Damage Forecast for Massive Tokyo Quake to Be Reviewed, with Figures Likely to Be Revised Down

Yomiuri Shimbun file photo
High-rise condominiums are seen by Tokyo Bay in August.

The government intends to review next fiscal year its damage predictions for a possible earthquake directly under the Tokyo metropolitan area, according to sources.

The review will also focus on measures to prevent large-scale fires, which would account for most of the damage to people and buildings, and those to ensure safety in high-rise condominiums, which have increased rapidly in number. It will be the first review in about 10 years.

The Cabinet Office is expected to include the budget for the review in its budgetary request for the next fiscal year, and will spend one year compiling damage predictions and a basic plan for quake measures.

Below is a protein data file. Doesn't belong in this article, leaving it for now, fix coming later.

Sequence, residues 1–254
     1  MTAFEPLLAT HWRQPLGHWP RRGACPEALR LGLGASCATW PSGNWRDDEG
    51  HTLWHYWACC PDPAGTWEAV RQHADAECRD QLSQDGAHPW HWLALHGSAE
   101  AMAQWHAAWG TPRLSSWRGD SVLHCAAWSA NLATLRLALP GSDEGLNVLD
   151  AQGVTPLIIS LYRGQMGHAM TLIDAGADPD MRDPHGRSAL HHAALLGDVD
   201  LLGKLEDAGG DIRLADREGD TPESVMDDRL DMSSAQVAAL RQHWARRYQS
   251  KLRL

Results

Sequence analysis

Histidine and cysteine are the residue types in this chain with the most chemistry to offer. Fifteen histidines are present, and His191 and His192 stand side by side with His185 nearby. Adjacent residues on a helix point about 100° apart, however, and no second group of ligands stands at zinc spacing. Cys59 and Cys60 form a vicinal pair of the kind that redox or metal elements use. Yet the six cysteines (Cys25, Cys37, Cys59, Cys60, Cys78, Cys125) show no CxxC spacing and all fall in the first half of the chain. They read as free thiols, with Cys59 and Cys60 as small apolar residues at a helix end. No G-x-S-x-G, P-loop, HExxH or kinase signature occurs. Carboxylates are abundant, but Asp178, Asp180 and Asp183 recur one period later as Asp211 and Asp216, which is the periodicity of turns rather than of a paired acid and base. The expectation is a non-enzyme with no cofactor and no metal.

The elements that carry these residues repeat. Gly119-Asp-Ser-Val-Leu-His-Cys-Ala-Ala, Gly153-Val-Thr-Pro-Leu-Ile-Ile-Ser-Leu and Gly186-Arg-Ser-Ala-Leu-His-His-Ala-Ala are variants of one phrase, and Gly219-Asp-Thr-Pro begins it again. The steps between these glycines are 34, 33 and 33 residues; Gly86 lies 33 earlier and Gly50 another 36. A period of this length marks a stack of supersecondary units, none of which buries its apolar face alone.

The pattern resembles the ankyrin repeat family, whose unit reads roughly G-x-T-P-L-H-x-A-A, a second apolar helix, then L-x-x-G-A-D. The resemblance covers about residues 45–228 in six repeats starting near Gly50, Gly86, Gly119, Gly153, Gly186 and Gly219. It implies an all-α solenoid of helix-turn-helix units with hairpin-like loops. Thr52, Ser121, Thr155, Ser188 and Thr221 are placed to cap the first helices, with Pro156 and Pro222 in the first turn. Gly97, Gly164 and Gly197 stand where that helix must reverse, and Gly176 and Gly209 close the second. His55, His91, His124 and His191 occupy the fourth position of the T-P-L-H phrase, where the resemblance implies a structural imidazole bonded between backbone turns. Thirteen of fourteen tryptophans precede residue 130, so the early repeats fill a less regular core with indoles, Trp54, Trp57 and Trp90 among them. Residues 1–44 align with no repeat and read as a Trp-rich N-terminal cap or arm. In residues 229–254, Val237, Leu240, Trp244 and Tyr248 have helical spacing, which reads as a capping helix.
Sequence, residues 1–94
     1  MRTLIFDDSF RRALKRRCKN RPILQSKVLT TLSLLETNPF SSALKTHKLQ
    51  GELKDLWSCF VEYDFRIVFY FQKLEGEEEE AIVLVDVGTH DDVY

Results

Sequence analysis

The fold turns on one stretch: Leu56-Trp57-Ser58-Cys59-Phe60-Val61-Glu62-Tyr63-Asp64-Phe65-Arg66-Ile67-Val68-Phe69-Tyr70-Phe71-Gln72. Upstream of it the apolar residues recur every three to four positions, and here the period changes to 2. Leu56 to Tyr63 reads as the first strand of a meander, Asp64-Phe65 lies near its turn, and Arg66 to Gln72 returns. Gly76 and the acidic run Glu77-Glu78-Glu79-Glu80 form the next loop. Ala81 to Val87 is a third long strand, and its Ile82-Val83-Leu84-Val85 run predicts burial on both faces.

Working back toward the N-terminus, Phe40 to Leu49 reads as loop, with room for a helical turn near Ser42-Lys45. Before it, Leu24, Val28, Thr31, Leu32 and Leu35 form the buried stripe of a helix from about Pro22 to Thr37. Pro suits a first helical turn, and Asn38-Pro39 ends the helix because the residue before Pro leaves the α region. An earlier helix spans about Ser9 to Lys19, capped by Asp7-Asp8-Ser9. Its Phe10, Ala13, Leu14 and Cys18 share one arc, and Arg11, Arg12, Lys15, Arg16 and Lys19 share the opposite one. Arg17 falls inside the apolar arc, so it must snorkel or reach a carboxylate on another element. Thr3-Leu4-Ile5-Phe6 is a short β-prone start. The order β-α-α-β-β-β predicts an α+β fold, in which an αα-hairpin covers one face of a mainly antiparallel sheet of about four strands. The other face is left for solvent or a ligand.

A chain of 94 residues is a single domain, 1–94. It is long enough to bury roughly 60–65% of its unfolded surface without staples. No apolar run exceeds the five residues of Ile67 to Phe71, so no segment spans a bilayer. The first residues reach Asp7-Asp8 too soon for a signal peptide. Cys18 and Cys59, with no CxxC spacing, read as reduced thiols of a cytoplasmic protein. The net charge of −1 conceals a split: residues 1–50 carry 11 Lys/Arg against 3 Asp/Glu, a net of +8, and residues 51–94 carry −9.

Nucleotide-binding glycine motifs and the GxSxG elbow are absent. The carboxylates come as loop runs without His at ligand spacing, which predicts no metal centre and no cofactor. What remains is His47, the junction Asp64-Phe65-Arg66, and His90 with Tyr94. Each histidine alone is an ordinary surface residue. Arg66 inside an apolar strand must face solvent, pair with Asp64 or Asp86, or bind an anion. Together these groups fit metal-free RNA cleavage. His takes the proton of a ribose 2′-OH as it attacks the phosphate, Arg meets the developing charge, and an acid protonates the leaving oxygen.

There is a 70% chance that a magnitude 7 earthquake will hit the metropolitan area within the next 30 years.

In December 2013, the government released damage predictions for a magnitude 7.3 earthquake under south-central Tokyo, which would heavily impact the capital’s ability to function. According to the figures, the metropolitan center could be hit by an earthquake registering as high as 7 on the Japanese seismic intensity scale of 7, and the temblor would kill an estimated 23,000 people, including 16,000 deaths from fires. Some 610,000 buildings would be completely wrecked or burnt down, and the economic damage would reach ¥95 trillion.

Following up, the government formulated a basic plan in March 2015 to reduce the damage by half in 10 years. The plan calls for 95% of houses to be earthquake-resistant, 25% of houses to have breakers that shut off power in strong tremors, and the near elimination of dangerous areas with crowded wooden housing.

The current review would take into account the progress made on these measures. The share of earthquake-resistant houses in Tokyo rose to 92% in fiscal 2019, and damage predictions are expected to fall in scale to a certain extent.

On the other hand, dense areas of wooden housing remain across the city, and only 8.3% of buildings in Tokyo had earthquake-sensitive breakers in fiscal 2020, leaving fire prevention a major issue.

The boom in high-rise condominiums also means measures must be taken to assist residents who get trapped on upper floors.